An athlete’s diet is one of many variables that impact performance. While much attention is given to fueling for performance on race day, little attention is paid to what an athlete eats in during the months where races are few and far between. Yet, most of us age groupers could stand to lose a few pounds. Why don’t more coaches and media outlets talk about? My guess is because it is often a difficult discussion to have.
The bottom line is as follows. Most of use should lose a couple pounds. The time to do it is the off season. Discipline is really the key to making it happen. The rest is just fine tuning. Here is whole lot of fine tuning.
The time to lose weight is during the months of low volume training. During this time of year your caloric needs are low. This is in part because of the lesser demands of training, but also because most of us are less active this time of year during our free time.
Just like your training plan is periodized with different focuses at different points throughout the year, so should be your diet. This time of year is when you should be focused the most on eating healthy and reducing calories. Box up the powders and gels and supplements. Eat real food. Training volume is lowest. It is the time when your schedule typically has the most flexibility to prepare good meals. And, it is when we are most frequently tempted to eat the trash provided by well-meaning co-workers, friends, and family members at work and at social gatherings.
Here’s a simple economic principles that are key for your understanding: Marginal Return. Stated simply, it is the value you get from one extra unit of something. After a killer workout in the summer heat, how good is that first beer and pizza slice? On a scale of 1 to 10 it’s like a 17. But what’s the pleasure derived from beer and ‘za number four, or six, or eight? Not quite as high, huh? That’s marginal return. Always highest early on, then declining as the number of units increases. So goes with your holiday treats.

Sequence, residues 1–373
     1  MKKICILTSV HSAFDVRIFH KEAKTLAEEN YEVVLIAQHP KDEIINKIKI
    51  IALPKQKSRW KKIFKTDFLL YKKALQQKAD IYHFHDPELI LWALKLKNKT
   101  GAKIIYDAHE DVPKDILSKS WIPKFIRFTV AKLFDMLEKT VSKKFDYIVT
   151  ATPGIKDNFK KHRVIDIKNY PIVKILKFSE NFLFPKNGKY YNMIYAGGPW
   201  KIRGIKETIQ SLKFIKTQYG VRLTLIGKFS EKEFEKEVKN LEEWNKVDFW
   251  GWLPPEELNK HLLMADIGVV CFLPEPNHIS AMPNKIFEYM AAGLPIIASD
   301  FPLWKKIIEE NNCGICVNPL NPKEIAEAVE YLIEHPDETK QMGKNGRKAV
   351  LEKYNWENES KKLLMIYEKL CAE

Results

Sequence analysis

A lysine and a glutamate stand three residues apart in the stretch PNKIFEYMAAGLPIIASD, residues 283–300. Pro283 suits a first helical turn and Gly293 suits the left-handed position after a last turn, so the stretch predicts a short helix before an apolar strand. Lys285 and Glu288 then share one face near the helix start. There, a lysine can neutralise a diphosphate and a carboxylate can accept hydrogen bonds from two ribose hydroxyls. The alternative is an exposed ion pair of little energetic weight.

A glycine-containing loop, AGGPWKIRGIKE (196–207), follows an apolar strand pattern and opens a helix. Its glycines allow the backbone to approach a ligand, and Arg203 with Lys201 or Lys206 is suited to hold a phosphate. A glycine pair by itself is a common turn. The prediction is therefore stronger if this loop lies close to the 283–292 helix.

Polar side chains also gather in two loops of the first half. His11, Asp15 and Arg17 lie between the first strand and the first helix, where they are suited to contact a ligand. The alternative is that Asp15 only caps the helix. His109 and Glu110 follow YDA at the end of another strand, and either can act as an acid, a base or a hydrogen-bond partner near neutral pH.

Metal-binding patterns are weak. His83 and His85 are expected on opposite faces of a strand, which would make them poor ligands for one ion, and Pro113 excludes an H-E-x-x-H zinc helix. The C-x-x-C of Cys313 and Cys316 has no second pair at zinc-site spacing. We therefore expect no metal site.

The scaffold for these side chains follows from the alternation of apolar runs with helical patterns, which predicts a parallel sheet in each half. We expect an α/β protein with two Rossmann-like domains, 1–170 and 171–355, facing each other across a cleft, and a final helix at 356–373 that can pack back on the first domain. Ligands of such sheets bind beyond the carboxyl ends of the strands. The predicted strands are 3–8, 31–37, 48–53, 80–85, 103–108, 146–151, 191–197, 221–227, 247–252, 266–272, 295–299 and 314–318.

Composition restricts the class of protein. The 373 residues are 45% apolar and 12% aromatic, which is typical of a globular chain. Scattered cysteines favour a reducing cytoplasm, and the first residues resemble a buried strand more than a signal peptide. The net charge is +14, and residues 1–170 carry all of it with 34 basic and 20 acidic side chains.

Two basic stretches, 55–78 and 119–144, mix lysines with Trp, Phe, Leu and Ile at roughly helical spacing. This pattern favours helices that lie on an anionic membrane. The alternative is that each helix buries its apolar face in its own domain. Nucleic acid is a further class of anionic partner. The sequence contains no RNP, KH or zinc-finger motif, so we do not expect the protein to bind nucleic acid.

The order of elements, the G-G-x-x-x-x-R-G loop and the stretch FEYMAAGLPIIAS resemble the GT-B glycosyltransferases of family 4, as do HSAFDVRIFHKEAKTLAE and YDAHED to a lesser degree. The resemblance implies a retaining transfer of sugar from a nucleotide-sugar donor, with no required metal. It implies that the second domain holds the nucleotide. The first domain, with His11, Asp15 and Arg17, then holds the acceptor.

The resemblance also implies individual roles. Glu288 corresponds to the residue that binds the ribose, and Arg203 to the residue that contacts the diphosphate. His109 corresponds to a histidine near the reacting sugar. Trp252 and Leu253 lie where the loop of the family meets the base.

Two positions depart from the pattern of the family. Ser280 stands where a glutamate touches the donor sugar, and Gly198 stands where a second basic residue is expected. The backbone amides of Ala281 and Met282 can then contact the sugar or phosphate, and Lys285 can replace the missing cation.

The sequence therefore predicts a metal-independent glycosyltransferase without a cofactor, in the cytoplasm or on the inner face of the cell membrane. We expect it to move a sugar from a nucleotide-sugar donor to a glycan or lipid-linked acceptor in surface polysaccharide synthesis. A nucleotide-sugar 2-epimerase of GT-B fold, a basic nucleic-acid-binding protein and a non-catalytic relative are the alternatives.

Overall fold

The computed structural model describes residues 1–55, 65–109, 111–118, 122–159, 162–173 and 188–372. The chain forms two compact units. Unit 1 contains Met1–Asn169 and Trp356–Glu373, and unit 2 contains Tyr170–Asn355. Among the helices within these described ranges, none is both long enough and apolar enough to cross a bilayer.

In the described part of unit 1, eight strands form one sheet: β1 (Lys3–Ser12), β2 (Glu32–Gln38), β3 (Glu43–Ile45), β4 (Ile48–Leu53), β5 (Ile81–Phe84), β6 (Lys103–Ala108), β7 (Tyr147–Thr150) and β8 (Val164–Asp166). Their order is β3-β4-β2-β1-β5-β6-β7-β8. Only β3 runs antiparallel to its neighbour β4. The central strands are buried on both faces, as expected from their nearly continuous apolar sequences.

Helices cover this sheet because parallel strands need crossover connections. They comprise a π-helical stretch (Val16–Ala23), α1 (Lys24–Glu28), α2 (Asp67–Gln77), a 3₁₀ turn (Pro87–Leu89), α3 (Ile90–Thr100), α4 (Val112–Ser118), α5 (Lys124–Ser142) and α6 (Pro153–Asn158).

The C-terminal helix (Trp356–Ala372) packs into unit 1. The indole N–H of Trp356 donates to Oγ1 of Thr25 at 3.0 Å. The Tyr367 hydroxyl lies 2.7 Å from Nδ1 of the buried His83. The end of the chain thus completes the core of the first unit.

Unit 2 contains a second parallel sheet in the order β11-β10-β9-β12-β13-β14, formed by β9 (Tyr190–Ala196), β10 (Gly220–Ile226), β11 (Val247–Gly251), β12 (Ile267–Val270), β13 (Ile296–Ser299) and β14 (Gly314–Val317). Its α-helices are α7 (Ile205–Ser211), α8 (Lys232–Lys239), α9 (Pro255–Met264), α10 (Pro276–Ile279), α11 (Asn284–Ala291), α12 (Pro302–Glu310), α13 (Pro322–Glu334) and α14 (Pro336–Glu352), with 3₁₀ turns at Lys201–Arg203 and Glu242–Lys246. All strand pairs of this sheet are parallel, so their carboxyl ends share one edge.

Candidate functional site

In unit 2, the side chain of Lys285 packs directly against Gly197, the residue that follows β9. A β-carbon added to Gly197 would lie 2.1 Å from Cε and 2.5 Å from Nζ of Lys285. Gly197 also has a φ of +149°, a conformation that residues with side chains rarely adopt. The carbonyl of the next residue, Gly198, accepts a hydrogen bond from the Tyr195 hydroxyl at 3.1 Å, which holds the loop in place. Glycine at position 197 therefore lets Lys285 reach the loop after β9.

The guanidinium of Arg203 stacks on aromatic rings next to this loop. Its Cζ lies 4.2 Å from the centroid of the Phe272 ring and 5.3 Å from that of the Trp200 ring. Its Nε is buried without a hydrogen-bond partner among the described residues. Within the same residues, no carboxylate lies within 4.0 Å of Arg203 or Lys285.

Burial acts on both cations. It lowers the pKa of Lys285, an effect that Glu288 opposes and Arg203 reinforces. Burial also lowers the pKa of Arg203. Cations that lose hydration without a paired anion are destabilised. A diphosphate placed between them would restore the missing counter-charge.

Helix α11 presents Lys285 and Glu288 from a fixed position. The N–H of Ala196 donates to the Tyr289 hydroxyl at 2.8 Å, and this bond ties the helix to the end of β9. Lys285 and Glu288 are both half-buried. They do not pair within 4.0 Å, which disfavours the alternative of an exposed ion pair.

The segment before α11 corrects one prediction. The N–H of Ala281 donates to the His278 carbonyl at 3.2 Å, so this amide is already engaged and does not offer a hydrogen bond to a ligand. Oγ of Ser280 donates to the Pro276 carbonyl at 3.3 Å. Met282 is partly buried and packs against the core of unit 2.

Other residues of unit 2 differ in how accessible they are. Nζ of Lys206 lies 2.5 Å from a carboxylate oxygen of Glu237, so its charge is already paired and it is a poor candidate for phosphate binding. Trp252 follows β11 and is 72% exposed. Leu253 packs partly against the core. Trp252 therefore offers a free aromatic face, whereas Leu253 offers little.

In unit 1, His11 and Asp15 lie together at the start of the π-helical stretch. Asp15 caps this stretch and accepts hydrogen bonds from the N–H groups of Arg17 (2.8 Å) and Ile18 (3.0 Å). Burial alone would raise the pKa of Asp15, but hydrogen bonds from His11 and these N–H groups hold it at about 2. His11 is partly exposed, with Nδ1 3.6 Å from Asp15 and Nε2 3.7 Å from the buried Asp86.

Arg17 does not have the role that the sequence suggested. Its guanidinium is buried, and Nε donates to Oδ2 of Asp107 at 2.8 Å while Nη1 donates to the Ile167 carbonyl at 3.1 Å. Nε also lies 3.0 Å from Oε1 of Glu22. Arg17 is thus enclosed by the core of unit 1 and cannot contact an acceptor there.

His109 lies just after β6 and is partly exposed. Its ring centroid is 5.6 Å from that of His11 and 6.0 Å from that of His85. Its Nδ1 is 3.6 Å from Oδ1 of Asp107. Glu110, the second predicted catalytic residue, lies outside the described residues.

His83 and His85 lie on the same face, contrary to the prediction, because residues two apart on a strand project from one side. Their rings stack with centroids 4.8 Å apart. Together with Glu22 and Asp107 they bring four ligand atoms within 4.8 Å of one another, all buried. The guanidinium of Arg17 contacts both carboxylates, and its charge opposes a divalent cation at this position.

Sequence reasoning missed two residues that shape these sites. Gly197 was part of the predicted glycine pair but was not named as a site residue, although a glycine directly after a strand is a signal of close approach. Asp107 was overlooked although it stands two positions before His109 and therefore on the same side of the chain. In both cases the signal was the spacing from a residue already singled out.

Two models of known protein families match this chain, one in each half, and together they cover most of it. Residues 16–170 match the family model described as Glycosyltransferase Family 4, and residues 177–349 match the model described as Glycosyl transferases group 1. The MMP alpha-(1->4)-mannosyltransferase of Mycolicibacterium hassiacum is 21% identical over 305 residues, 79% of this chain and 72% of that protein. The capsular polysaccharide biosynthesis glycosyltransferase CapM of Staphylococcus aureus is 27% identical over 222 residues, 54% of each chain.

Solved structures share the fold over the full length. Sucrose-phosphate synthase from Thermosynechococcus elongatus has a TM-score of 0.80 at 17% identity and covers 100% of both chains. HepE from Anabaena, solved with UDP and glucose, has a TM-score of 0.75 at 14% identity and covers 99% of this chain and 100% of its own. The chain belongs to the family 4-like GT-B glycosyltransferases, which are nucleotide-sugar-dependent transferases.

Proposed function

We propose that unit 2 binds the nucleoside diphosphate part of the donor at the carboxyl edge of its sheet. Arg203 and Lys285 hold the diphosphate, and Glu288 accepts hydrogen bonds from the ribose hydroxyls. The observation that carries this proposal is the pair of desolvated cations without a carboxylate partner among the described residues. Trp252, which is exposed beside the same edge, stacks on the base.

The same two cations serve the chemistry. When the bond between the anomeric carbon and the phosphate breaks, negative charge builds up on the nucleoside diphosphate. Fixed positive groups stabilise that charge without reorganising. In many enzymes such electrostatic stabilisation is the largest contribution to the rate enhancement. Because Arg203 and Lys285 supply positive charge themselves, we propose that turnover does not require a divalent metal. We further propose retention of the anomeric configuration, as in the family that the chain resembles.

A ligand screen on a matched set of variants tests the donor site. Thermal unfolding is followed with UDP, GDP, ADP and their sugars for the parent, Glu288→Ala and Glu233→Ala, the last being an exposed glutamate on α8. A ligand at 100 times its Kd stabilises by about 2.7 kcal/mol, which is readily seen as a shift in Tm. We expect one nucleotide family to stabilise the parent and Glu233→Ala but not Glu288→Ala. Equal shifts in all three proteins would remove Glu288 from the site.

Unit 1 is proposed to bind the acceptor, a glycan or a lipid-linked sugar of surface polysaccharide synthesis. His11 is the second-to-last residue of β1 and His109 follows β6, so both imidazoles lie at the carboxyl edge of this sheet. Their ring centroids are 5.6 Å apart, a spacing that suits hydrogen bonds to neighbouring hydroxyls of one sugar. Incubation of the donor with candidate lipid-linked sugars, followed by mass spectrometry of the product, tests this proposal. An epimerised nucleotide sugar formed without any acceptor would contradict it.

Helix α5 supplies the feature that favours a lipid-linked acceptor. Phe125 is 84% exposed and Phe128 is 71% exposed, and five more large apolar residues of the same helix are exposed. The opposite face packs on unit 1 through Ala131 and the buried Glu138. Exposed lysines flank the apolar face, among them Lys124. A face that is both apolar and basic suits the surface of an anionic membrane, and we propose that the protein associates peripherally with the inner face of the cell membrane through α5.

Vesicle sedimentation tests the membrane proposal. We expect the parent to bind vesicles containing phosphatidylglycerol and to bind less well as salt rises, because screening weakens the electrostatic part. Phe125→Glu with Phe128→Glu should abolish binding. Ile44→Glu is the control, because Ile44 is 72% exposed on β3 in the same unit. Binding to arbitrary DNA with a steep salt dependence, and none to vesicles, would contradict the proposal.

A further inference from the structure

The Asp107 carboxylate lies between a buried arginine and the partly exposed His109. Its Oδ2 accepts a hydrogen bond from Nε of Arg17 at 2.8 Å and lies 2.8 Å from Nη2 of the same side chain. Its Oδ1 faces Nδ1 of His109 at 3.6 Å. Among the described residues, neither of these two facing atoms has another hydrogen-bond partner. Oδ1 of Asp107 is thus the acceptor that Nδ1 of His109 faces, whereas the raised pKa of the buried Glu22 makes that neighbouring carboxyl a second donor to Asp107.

You aunt’s cookies are probably amazing. I get it. Eat one and savor it. Maybe it’ll cost you an additional 15 minutes of cardio to burn the calories and be totally worth it because of it’s awesomeness (with awesomeness being, of course, a commonly accepted synonym for Marginal Return). But again, what about eating 6 of them after an second serving of entre food? Now were talking a couple extra hours (that you don’t have) of cardio. And did the last couple cookies really make your experience at the party that much better? Doubt it.
This is a truncated version of the first part of a Weight Loss For Triathletes presentation Coach Bees gave last month.